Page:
I despise the government, I really do…BOTH sides of the aisle. Anyway, a dependent care FSA, for those not using it, is a Dependent Care Flexible Spending Account that offers some tax benefits for eligible dependent care services. The FSA works by pulling out a portion of your income into a special FSA account before taxes are withdrawn. YAY, money saved, right? Well, it’s a government program designed to help us, so naturally it’s going to be a pain in the backside. We don’t do politics on this blog, but I think most would agree that government is not…efficient, to put it kindly. It doesn’t matter what side of the aisle ‘help’ comes from, I find it safe to assume that the relief will come with some stress attached.
First, some more details: as I said, the DCFSA allows some of your income to escape taxes (a good thing). The tax-free income must then be applied only to eligible expenses such as daycare, babysitting and nanny expenses, summer day camp, and even elder care. The account is limited to $2500 per year on a separate tax return or $5000 per year if you are filing a joint tax return or if you files as single or head of household. Our experience with this FSA relates to our daycare bill, which will be exceeding $20,000 this year (because who needs money for anything else?). Ultimately, assuming one’s limit is $5000, something around $1200 or $1300 can be saved by avoiding taxes.
Perhaps I am just an unappreciative and unworthy citizen, but I’m still going to find some room to complain about a program saving me over $1000 per year. First, I reject the premise of all FSAs, HSAs, HFSAs, DCFSAs, YMCAs, FFAs…or whatever they’re all called. While I will utilize these programs and recognize their benefits, it all goes back to convenience. Just like with health insurance these days, all of these reimbursement accounts are obnoxiously time intensive. If I want to utilize these benefits, I need to stuff another half dozen cards into my bulging wallet and annually fight a small army of customer service representatives to manage my ‘benefits’. I’ll probably wage this war in more detail in another post, but these benefits just remind of the instant rebate scams companies ran through the 1990s (and many still do today). Make it as difficult as possible to claim the benefit and scare away half the people it could help!
Again, I confess that these are actual benefits that I’m complaining about. So it would be fair to say “can it Micah” and offer to take my portion of the benefits. Still, I find it all so irritating. Anyways, here is how the FSA infiltrates our lives. First, the Dependent Care FSA must be weighed against the childcare credit on tax filings. So the whole foundation of this FSA is that it might help me and I need to speak with a tax advisor to figure it out. So let’s assume I’ve deduced that the dependent care FSA is advantageous to me (admittedly, it usually is for most families). First, I go through all the paperwork at my employer (although smaller organizations will likely not have the HR resources to accurately answer questions even if they offer the option).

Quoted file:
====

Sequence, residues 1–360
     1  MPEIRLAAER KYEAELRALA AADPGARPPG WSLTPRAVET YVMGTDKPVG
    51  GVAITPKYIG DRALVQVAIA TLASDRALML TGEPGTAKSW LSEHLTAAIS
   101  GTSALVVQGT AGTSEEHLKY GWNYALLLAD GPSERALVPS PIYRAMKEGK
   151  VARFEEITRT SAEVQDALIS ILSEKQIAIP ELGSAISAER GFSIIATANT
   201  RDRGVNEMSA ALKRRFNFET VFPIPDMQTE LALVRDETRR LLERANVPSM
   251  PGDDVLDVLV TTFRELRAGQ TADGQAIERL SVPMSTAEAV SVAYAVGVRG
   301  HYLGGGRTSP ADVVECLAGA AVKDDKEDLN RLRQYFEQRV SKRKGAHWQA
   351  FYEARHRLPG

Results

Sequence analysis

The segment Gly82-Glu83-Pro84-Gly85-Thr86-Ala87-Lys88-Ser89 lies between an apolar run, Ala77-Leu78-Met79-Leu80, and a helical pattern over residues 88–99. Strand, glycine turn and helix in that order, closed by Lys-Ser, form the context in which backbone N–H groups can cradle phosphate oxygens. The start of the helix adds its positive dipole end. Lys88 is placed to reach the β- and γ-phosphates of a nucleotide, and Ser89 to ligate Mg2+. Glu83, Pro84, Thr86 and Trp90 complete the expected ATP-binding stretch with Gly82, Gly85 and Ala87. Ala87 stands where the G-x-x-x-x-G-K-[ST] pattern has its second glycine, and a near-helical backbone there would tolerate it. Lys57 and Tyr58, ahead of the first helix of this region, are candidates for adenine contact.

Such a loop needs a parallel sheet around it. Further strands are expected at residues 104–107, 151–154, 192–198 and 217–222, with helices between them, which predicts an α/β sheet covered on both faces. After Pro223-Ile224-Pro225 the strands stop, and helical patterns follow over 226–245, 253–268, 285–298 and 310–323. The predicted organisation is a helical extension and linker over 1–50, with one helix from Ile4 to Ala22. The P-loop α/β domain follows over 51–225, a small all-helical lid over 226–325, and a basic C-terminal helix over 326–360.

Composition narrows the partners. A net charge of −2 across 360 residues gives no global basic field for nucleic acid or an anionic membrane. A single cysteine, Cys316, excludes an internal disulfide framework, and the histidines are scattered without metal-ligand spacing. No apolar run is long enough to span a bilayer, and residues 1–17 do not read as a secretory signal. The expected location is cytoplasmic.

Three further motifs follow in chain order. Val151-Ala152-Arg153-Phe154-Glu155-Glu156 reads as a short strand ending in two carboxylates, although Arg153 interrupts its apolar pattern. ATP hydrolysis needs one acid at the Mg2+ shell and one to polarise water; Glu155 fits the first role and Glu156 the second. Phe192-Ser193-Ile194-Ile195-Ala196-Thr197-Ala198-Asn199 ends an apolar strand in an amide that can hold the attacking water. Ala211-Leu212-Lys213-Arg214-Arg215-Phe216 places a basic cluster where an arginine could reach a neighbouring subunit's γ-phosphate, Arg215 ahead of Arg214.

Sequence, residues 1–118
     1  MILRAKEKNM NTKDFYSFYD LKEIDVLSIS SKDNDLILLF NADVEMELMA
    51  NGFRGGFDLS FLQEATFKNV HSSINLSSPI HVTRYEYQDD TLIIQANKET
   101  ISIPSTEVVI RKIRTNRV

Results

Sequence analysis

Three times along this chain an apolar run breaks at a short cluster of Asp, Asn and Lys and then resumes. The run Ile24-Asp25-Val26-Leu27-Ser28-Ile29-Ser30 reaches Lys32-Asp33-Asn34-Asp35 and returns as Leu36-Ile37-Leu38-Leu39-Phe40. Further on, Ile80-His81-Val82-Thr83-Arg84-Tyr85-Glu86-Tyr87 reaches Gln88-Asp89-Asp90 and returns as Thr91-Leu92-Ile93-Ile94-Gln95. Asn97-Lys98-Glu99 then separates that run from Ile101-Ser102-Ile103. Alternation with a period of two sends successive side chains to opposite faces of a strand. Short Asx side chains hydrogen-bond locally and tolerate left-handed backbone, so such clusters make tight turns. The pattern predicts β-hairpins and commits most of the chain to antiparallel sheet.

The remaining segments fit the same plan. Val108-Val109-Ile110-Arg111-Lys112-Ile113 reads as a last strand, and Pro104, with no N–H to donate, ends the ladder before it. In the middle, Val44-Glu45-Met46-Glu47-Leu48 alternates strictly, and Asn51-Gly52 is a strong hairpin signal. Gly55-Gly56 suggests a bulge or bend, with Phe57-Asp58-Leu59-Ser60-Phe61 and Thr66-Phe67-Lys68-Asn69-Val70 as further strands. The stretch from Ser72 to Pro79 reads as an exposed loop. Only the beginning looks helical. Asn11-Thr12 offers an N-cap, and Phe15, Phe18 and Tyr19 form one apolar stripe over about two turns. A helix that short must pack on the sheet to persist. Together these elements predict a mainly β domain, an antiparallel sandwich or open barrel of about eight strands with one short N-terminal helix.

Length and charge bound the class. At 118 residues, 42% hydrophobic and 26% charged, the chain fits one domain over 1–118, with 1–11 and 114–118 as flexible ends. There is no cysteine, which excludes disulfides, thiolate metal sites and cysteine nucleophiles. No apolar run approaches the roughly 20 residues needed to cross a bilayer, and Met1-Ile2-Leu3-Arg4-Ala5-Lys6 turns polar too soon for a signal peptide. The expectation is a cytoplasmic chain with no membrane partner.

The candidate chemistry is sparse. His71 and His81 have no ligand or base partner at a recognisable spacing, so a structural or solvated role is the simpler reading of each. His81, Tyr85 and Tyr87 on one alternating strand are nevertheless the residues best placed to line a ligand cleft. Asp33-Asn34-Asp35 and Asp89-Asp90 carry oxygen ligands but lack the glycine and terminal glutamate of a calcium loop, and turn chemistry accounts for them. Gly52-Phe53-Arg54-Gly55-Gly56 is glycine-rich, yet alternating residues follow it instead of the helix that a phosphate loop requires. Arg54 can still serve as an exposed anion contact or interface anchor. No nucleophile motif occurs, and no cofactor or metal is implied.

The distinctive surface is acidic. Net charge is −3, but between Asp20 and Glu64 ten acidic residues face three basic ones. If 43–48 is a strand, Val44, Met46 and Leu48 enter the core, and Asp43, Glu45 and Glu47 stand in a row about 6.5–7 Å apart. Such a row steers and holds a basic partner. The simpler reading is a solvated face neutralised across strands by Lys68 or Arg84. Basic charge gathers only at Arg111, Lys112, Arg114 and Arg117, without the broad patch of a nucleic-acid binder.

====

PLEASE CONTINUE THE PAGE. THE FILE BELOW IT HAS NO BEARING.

So the paperwork is filled out, my contribution rate is calculated, and my paycheck is now doctored to the correct amount. So, in order for us to use the card, we have to go through a never ending reimbursement cycle or alternate back and forth on our weekly daycare bills. Since the total daycare bill cannot be paid by the FSA, we are left with partial or sporadic payments from the FSA alongside our normal daycare payment options. We might also funnel a stream of reimbursements using receipts, daycare approval signatures, and more and more paperwork. It’s a complicated mess. It saves money so I begrudgingly accept it…but I don’t have to like it!
While I have some legitimate ideas on replacing the FSAs, I think I’d prefer to just have a magic money fairy dropping cash into my lap on a daily basis. I think that’s a government program I can get behind. Something like the tooth fairy, except rather than losing teeth to earn stipends under the pillow, we just have to be sleep-deprived, budget-strapped parents. That daycare bill stressing you out? No worries, the Dependent Care Fairy will visit tonight! Diaper expenditures reaching five figures? Have no fear, the real Diaper Genie will appear.
In all seriousness, the DCFSA is a solid option for those with dependent care expenses. If your employer offers this FSA, suck it up and go save some money! If they don’t, it might be worth a conversation with your executives or human resources team. Kids are expensive and every little bit helps…in lieu of a magic money fairy, I suppose even inefficient government nonsense can help.